Data used in the preparation of this article were obtained from the Alzheimer's Disease Neuroimaging Initiative (ADNI) database (www.loni.ucla.edu/ADNI). As such, the investigators within the ADNI contributed to the design and implementation of ADNI and/or provided data but did not participate in analysis or writing of this report. For a complete list of investigators involved in ADNI, see http://www.loni.ucla.edu/ADNI/Collaboration/ADNI_Authorship_list.pdf.
Study funding: Supported by the NIH (AG024904, AG010129, AG030514, and AG032984), the Dana Foundation, and the Alzheimer's Disease Genetics Consortium. Data collection and sharing for this project was funded by the Alzheimer's Disease Neuroimaging Initiative (ADNI) (NIH U01 AG024904).
Received April 12, 2010; Accepted August 20, 2010.
Objectives:
CSF levels of Aβ1-42, t-tau, and p-tau181p are potential early diagnostic markers for probable Alzheimer disease (AD). The influence of genetic variation on these markers has been investigated for candidate genes but not on a genome-wide basis. We report a genome-wide association study (GWAS) of CSF biomarkers (Aβ1-42, t-tau, p-tau181p, p-tau181p/Aβ1-42, and t-tau/Aβ1-42).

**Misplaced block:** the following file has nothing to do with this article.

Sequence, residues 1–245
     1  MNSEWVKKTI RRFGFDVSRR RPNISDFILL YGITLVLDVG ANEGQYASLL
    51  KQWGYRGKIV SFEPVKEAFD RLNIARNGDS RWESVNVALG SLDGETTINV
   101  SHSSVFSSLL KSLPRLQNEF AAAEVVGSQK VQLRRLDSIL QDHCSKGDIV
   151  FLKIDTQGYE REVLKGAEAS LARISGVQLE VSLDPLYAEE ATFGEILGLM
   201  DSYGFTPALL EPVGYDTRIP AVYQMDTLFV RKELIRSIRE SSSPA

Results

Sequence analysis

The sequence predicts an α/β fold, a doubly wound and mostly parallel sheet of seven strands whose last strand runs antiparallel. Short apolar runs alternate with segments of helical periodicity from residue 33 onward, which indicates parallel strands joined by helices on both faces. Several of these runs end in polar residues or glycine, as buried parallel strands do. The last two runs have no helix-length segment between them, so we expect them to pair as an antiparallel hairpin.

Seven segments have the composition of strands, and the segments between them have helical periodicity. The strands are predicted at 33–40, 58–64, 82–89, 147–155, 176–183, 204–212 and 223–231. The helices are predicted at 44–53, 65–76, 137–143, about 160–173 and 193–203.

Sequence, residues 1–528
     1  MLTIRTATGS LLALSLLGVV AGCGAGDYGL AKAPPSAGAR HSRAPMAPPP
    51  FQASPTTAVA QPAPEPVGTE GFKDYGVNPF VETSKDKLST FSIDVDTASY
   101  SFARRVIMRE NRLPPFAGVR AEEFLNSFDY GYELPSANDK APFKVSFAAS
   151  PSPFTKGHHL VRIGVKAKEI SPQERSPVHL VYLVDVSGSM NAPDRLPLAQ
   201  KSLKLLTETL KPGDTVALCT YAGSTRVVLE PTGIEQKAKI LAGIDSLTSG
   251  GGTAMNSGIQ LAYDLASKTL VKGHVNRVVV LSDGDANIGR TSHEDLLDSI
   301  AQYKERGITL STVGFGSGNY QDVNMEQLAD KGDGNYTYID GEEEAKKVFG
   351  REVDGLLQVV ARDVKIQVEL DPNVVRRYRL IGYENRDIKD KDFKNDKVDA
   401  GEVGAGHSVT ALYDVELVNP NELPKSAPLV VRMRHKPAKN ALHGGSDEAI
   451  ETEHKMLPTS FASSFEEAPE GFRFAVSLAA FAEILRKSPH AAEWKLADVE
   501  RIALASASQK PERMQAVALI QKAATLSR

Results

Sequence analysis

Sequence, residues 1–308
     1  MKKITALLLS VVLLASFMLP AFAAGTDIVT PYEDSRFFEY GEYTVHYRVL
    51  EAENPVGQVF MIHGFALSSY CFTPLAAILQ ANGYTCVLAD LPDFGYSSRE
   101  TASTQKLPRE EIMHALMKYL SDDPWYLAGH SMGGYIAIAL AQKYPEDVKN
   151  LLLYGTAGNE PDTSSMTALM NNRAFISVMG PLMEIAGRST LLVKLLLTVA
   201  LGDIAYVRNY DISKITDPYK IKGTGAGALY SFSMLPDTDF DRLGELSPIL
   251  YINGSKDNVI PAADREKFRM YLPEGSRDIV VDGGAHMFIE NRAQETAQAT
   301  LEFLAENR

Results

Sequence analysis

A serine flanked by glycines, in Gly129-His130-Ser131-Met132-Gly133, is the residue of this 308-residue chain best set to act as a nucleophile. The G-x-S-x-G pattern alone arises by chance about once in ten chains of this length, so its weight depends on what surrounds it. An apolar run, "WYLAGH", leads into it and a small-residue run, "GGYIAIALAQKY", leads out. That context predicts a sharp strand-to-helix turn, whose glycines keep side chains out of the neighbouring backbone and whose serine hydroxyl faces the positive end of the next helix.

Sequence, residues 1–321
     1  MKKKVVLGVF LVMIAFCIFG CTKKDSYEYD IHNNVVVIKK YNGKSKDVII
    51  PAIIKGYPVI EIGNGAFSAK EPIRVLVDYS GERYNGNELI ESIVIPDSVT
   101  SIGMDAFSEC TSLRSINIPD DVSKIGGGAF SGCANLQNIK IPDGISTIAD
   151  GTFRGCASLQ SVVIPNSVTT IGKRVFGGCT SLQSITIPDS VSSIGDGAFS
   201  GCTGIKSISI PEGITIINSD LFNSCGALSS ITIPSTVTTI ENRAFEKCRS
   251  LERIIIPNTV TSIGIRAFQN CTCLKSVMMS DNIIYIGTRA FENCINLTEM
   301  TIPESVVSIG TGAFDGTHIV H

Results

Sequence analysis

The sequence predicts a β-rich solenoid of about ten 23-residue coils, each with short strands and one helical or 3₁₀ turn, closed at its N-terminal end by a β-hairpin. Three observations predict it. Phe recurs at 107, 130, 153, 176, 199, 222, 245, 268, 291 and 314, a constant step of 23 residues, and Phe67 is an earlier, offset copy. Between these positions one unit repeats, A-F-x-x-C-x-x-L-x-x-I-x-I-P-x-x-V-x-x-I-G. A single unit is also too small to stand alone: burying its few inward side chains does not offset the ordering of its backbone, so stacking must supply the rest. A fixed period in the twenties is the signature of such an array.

Methods:
A total of 374 non-Hispanic Caucasian participants in the Alzheimer's Disease Neuroimaging Initiative cohort with quality-controlled CSF and genotype data were included in this analysis. The main effect of single nucleotide polymorphisms (SNPs) under an additive genetic model was assessed on each of 5 CSF biomarkers. The p values of all SNPs for each CSF biomarker were adjusted for multiple comparisons by the Bonferroni method. We focused on SNPs with corrected p < 0.01 (uncorrected p < 3.10 × 10−8) and secondarily examined SNPs with uncorrected p values less than 10−5 to identify potential candidates.
Results:
Four SNPs in the regions of the APOE, LOC100129500, TOMM40, and EPC2 genes reached genome-wide significance for associations with one or more CSF biomarkers. SNPs in CCDC134, ABCG2, SREBF2, and NFATC4, although not reaching genome-wide significance, were identified as potential candidates.